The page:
The Duchess of Cambridge, Kate Middleton, is due to give birth to her first child any day now. The baby, who will be third in line to the throne of Great Britain, has incited excitement around the world as the international community waits with baited breath for the little guy's or gal's arrival – he or she will be able to trace the family lineage all the way back to William the Conqueror!
But in addition to questions about the baby's gender (which have had spectators clamoring for months) and what the happy royal couple intend to name the bouncing bundle of joy, there's one big, lingering curiosity in the minds of onlookers: Will Middleton be breastfeeding?
The royal family has a remarkable history of breastfeeding that stretches back through the ages. Breastfeeding was typically shunned by those of the nobility, with babies being given to wet nurses for care after delivery.
During previous centuries, women who served as queen consorts were viewed as responsible for continuing the royal dynasty, and thus, after the delivery of a healthy baby, were often encouraged to quickly heal and produce another heir. Throughout periods of high infant mortality, more infants born to the ruling monarch could ensure that a line wouldn't die out, and as a result, royal women were tasked with becoming pregnant again as quickly as possible.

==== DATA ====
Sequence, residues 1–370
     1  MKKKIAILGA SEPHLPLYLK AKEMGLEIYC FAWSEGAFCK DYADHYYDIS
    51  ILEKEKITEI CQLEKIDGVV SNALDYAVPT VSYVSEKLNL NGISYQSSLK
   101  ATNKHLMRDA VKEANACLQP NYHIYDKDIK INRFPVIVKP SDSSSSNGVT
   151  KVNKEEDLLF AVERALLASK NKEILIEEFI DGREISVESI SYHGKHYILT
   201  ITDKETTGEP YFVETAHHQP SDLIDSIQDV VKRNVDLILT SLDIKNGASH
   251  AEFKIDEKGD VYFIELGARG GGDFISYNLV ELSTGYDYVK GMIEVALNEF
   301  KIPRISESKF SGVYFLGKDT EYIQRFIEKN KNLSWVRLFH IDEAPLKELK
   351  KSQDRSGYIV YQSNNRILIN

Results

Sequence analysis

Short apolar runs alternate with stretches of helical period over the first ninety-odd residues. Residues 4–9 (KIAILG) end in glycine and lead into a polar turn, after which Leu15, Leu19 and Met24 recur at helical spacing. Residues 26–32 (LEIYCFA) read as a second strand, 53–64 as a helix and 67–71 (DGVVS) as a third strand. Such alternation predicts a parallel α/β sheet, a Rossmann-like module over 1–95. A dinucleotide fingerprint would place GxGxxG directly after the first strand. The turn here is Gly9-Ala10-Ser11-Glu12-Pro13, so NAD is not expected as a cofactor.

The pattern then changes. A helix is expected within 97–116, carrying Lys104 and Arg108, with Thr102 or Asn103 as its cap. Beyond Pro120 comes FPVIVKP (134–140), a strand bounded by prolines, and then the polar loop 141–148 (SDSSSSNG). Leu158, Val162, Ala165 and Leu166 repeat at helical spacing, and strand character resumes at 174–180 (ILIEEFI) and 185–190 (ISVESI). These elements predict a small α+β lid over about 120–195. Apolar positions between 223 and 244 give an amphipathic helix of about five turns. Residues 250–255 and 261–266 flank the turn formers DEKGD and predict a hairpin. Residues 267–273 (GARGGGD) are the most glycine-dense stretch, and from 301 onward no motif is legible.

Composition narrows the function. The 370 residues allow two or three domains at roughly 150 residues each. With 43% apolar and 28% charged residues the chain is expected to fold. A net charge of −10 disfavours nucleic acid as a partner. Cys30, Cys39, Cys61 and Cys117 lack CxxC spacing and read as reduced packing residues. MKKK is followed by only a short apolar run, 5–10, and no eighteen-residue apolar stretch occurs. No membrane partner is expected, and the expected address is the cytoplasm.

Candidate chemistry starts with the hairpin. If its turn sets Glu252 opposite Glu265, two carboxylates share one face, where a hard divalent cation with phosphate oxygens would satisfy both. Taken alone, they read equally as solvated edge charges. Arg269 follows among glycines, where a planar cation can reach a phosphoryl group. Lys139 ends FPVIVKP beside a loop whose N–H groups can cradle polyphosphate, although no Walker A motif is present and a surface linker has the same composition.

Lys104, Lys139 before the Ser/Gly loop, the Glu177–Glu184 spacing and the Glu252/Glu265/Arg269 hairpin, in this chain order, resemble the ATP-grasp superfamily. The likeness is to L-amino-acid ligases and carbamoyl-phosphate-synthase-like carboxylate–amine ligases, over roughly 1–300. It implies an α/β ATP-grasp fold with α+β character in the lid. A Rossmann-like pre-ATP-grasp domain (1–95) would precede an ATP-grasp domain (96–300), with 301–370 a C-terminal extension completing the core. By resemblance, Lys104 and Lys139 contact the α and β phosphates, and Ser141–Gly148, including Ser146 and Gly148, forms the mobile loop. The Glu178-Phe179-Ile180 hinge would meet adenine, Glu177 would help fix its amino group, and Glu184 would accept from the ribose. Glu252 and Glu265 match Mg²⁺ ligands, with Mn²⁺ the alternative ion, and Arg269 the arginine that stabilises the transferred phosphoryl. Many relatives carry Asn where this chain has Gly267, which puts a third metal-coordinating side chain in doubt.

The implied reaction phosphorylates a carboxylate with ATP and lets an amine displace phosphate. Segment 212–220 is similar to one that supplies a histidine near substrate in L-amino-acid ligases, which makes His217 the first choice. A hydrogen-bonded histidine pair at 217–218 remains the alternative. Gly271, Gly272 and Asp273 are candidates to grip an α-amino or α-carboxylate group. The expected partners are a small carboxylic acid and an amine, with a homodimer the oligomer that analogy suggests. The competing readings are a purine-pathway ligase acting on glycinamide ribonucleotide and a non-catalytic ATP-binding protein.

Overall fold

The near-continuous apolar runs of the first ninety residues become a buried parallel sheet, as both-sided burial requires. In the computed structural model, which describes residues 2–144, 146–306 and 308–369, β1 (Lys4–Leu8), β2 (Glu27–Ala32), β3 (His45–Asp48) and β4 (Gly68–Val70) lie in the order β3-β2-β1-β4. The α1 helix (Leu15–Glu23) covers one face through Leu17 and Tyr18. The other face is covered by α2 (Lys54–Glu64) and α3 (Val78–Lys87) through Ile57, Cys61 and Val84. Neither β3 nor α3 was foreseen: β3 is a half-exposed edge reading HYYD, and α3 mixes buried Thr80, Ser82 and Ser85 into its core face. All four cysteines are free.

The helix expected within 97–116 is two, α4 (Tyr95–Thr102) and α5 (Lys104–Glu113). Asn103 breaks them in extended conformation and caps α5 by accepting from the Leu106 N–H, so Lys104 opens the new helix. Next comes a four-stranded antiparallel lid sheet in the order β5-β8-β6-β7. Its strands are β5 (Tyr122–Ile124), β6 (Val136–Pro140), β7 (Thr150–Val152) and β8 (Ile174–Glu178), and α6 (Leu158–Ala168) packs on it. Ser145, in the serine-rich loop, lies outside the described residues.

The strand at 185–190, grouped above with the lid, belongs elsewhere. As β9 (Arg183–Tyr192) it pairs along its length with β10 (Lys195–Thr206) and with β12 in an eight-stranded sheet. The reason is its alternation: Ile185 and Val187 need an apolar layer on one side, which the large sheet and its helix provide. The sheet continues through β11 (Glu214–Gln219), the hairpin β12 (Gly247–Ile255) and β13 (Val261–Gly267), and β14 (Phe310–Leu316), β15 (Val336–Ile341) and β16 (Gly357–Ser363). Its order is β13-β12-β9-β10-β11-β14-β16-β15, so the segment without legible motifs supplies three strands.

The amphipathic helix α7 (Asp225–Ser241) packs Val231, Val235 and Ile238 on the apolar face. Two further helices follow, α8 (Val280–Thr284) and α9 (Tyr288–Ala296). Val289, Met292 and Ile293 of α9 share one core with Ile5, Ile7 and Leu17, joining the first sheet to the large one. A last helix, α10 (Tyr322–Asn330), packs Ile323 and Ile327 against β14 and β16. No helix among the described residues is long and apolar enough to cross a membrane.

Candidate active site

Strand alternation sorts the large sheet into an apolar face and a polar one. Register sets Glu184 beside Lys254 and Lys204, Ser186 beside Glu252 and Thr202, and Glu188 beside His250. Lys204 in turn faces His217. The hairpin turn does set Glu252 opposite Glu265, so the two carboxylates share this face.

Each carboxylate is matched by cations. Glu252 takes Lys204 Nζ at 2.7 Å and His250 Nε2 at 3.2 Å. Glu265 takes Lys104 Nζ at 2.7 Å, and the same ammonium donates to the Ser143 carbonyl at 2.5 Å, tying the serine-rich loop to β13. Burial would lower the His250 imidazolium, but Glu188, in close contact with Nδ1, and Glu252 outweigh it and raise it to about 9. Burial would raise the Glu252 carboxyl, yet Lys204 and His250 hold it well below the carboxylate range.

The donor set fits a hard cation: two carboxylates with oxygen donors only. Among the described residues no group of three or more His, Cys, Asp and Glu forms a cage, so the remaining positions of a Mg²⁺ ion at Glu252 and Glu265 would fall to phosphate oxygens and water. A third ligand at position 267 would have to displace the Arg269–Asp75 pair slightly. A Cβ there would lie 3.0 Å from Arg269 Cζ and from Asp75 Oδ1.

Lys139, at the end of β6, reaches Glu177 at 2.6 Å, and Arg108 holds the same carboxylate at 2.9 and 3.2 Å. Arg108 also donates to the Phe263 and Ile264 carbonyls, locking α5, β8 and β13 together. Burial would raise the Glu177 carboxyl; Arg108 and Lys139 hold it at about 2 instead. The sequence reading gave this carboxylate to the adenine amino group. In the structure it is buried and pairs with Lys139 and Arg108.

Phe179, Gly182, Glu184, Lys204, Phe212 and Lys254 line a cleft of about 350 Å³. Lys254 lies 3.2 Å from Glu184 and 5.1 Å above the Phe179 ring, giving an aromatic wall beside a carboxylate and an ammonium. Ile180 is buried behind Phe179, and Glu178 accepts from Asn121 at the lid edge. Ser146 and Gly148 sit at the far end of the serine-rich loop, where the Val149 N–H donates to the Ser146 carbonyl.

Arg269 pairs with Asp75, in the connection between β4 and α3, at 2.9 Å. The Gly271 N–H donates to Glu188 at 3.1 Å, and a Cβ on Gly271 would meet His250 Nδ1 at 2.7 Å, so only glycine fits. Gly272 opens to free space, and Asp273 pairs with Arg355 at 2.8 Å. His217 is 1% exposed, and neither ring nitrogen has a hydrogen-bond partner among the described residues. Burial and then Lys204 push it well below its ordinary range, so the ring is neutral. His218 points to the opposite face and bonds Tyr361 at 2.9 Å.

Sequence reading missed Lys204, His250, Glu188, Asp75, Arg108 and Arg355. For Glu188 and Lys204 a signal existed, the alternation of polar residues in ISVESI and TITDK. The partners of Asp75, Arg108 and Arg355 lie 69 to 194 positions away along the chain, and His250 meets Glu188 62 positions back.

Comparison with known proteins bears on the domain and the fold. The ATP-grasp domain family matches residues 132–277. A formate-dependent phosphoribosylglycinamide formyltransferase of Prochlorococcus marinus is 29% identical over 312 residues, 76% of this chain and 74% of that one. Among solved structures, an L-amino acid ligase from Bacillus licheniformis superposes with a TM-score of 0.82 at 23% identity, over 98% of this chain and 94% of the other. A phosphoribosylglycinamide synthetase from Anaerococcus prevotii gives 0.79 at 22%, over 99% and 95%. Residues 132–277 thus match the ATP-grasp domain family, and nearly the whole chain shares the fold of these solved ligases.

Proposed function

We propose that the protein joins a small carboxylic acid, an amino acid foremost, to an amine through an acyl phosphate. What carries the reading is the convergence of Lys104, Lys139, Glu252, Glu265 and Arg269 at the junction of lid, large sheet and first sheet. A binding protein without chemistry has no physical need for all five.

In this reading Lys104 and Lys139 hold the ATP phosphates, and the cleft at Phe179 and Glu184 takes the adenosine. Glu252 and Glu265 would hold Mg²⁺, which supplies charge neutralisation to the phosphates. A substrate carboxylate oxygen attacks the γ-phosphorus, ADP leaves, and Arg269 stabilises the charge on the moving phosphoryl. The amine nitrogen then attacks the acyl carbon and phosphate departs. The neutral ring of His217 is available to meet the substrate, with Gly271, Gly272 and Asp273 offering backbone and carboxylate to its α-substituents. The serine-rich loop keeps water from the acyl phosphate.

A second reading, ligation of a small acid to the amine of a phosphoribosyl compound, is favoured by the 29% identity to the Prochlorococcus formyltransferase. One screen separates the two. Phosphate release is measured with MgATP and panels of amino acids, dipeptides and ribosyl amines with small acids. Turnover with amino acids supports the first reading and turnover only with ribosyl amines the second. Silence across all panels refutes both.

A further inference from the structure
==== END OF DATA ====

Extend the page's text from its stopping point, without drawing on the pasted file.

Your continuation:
Breastfeeding, which requires a mother to be more hands-on with her offspring and dedicate time to developing a structured feeding schedule for infants, could be viewed as a hindrance to this for royals. As such, wet nurses served a vital purpose.
However, in the 20th century, breastfeeding became more popular among the British royal family. Queen Elizabeth II, who was born in 1926, was breastfed by her mother. In turn, she breastfed her own children. Princess Diana of Wales also opted to breastfeed her children, Prince William, the Duke of Cambridge, and Prince Harry.
Getting ready for baby
In June 2013, Beverly Turner – a British television presenter – publicly encouraged Middleton to choose breastfeeding for her child, as this has decreased in popularity across Great Britain in recent years.
Claiming that breastfeeding is no longer considered "cool" among young mothers in the U.K., Turner argued that Middleton opting to breastfeed her little one could have a transformative effect on the way that breastfeeding is viewed among other women of childbearing age in the country.